The Register


Private Health...

Out of the kindness of their cold hearts, company management have allowed us contractors to join waged and salaried staff in being eligible (at a reasonably hefty premium, of course) to join the company Health Care Plan.

Sod that. I should get a DISCOUNT for all the work I've put their way. If it wasn't for me, the company wouldn't HAVE a health plan - or at least not one with such a comprehensive Personal Accident Insurance section anyway...

"But it's dirt cheap!" the PFY claims, "and it's got personal accident cover which gives you unlimited time in a private hospital."

"Where no doubt they give you chilli enemas until you manage to discharge yourself," I respond, all too familiar with how good 'good deals' really are.

"No, they've got pictures," he cries, completely taken in by the shiny brochures. "Just look!"

I have to admit the pictures do look impressive, with large stately hospital rooms, battalions of neatly uniformed staff and sumptuous TV-dinner banquets, but I've seen far too many computer brochures to be taken in by advertising.

"It's just advertising bumph," I remind the PFY. "None of it's true."

"It might be," he murmurs.

"It's one of the commandments of computing!" I cry. Never trust the brochure until you've had the covers off!"

"But how can we see what it's like if we don't sign up?"

"Sign up?" the Boss cries, roaring into the room. "You mean the Health Plan? I've been a member for years."

"But what are the hospitals like - have you been to one?"

"Can't say I have," the Boss replies, bending down to pick up the 19-inch flat screen monitor I've indicated is his. "But when I do, you'll be the fir..."

Halfway through his lift, I pop the paper bag that I'd been holding. In shock, the boss shoots to attention a little quicker than he has for a while. "Agh!" he cries, dropping the monitor and clutching his stomach tightly.


Of course, the PFY and I take some time off work to see the Boss as he recovers from his hernia op. And do a bit of shopping. OK, and have a few lagers as well. And a ride on the London tour bus - but after that, we went straight there.

At the hospital, we find that my suspicions are unfounded - the place is a state of the art set-up, with remote monitoring that would put our network topology to shame.

We brown-nose an administrative type to get a quick tour of the place, exhibiting a professional interest in their CCPMS (Centralised Comprehensive Patient Monitoring System).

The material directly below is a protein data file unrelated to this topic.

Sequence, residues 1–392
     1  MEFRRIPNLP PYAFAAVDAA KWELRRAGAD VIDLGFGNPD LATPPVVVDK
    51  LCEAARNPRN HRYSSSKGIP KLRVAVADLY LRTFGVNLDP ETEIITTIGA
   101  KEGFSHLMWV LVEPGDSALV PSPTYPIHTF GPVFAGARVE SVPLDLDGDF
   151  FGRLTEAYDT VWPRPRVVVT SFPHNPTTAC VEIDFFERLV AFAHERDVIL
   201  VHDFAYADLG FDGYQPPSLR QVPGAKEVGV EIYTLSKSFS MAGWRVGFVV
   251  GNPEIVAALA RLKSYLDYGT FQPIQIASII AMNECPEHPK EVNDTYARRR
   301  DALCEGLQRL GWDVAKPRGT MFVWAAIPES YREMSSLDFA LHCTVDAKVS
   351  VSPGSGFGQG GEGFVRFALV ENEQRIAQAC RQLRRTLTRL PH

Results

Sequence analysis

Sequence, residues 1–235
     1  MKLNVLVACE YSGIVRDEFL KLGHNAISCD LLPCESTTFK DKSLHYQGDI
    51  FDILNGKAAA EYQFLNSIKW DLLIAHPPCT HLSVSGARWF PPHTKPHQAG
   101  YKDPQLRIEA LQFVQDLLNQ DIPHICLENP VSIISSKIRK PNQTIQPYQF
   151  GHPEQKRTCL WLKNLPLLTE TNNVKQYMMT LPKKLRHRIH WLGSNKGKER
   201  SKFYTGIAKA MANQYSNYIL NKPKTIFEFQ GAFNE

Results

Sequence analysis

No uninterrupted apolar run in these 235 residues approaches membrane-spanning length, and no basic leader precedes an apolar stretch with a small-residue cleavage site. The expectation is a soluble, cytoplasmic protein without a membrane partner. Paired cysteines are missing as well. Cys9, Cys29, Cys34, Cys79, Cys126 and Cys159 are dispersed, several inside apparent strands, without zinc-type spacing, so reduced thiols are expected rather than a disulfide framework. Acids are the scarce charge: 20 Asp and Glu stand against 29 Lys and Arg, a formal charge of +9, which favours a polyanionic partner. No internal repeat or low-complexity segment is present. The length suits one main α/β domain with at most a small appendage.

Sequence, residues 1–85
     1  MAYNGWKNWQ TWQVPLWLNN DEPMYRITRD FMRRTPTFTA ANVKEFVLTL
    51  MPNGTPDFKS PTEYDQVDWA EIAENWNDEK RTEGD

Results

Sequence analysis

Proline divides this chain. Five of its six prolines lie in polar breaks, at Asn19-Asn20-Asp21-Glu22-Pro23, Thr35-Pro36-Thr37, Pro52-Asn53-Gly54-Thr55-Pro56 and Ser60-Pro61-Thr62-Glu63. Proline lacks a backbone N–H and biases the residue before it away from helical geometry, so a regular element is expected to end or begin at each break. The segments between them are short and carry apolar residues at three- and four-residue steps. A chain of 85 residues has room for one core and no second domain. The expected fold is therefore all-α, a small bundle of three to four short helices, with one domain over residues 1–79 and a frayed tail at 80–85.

"Basically," the admin-type burbles as we depart the Boss's room, "the system allows all patients to be monitored by a central computer which, in the event of any problem, dispatches a doctor or nurse from a localised aid station."

"I see," I respond. "And what happens if the doctor and nurse are elsewhere playing doctors and nurses?"

After a withering look, the admin-type continues. "The software is aware of staff positions at all times. I assure you that your manager is completely safe from mishaps."

Bugger. We were hoping for a hernia relapse (or five) to get us a couple more office-hours visits to the, er, hospital.

"We have thousands of cables from all over the hospital which terminate in the comms room," a furry-toothed geek from the monitoring room informs us. "The wires deliver all the patient data we need into the master computer and all patient details are available on our touch-screen here."

"Really?" I say, touching the box showing the Boss's name.

"As you can see," the geek continues, "these two windows are camera views of your manager's room, 22b. This box charts his temperature, pulse and respiration, this one his brain wave pattern - all are fed along the 22b cable sets to here, which saves us the tremendous outlay of having to buy individual monitoring units for each... Oh dear!"

The Boss's window has suddenly turned crimson with the words 'CARDIAC CALLOUT'. As the geek and I look on, a team arrives, strips the Boss down and gives him a couple of doses from the kickstart machine.

"Well," the geek adds, mopping his brow "as you can see, the efficiency of our team is second to none."

"Yeah," the PFY says, replacing a screwdriver, "but some of that termination in there is crap. Don't worry, I gave the Boss's cableset a seeing-to and reterminated it..."

The silence, as they say, was deafening. The geek now knows that the Boss got his batteries charged for no good reason, and that given an inquiry, the hospital - and his pet project - wouldn't fare well. He looks at us desperately.

"A tenner a piece should be sufficient for a couple of beers," I say.

"Per day," the PFY adds.